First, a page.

We all know food waste is a huge issue, to the tune of around 1.3 billion tonnes a year. That’s a whopping third of all food produced for human consumption.
Everyone knows something needs to be done about it, and there are more and more companies coming up with ideas and possible solutions.
One of those companies is Karma. Its ‘waste not, want not’ ethos gives consumers the chance to pick up food that would otherwise go to waste from their local favourite restaurants, cafes and kitchens at a 50% discount, via their app.
It started out in Sweden (currently used by 5% of the Swedish population) and is now available in London and Paris. It’s recently reached the milestone of 1m users and more than 2m meals saved from landfill. Which is impressive.
But it’s not just the food collection from restaurants, as the company will be bringing a big, pink smart refrigerator to London.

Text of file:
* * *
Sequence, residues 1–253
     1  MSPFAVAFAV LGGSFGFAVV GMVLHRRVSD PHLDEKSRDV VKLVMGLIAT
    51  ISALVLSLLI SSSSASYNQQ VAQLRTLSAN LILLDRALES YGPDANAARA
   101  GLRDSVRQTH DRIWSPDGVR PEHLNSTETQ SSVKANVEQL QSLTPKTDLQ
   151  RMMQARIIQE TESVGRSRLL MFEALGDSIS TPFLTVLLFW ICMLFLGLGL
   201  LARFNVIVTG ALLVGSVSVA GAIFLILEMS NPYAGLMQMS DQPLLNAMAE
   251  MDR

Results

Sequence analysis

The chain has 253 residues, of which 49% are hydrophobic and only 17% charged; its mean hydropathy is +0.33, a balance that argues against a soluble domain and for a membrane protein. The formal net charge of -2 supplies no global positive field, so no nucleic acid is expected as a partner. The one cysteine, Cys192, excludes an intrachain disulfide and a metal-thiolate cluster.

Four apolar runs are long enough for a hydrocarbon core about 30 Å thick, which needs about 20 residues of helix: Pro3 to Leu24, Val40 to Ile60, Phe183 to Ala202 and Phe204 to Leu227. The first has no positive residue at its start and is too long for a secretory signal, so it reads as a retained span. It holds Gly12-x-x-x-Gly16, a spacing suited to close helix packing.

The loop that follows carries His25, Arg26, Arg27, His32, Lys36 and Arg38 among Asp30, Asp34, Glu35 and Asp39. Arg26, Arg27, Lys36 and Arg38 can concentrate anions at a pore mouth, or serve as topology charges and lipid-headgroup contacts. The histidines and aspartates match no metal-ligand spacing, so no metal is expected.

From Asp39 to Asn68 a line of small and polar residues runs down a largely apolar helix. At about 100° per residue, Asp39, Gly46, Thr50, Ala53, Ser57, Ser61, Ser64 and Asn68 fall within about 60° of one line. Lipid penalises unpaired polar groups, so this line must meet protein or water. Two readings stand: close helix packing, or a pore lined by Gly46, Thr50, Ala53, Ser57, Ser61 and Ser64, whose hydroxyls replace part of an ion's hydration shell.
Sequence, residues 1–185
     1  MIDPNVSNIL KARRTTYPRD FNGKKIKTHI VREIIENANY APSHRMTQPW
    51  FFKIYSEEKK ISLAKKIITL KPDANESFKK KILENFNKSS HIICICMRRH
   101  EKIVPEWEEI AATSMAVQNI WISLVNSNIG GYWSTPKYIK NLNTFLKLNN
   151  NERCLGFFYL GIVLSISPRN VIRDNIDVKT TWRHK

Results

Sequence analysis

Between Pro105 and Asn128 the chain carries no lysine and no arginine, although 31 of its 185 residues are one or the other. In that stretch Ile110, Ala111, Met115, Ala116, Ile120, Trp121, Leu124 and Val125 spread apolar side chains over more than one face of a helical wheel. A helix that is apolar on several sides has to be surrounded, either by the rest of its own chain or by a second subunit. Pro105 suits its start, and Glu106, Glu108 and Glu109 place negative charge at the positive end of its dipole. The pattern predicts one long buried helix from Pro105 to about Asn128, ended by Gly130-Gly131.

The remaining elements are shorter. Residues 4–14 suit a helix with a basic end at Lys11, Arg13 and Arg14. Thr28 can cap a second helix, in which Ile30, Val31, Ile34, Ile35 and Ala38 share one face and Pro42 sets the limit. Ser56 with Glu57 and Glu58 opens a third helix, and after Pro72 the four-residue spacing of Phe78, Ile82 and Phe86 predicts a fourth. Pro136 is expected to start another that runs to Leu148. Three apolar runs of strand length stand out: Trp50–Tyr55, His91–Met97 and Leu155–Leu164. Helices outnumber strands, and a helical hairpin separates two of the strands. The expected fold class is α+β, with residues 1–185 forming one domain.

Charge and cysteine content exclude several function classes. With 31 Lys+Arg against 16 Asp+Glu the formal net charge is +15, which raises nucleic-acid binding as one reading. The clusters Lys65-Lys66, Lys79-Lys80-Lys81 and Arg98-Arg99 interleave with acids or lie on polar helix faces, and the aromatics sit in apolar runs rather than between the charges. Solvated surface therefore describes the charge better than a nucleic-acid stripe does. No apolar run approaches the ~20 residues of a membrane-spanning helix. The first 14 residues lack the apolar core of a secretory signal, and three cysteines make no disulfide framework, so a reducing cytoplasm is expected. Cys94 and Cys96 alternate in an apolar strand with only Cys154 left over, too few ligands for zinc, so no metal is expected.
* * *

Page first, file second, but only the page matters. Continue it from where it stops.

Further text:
At Japan Centre Ichiba, Europe’s largest Japanese food hall, the big Electrolux fridge will be integrated with Karma’s app.
It creates a storage and pickup point for unsold food that would otherwise have been thrown away.
How does it work?
Someone makes a purchase through the Karma app and goes to pick up their order from the smart fridge.
The user unlocks the fridge with their phone, which is only unlocked after you’ve bought something.
Rescued items are shown on your order receipt, which you show at the checkout before leaving. Enjoy your rescued food.
There are already Karma/Electrolux fridges in supermarkets in Sweden, and Karma plans to roll out another 100.
While there is a bit of a risk that someone could buy one item, and empty the whole fridge, Karma has said it hasn’t happened yet with the 30 it already has in place. (They're probably concerned about all the bad Karma they'd have coming their way...)
Karma isn’t the only food waste app out there. Denmark’s Too Good to Go and MealPal are also helping to reduce food waste. With Karma and MealPal, you buy an individual item, whereas Too Good to Go gives you a mixed bag of goodies. But in all cases, it’s a win-win...win, for consumers, the planet and the companies involved.
Now all that needs to happen is growth. More places need to sign up, more cities, and more consumers. There’s no downside really: it just takes time for these things to catch on.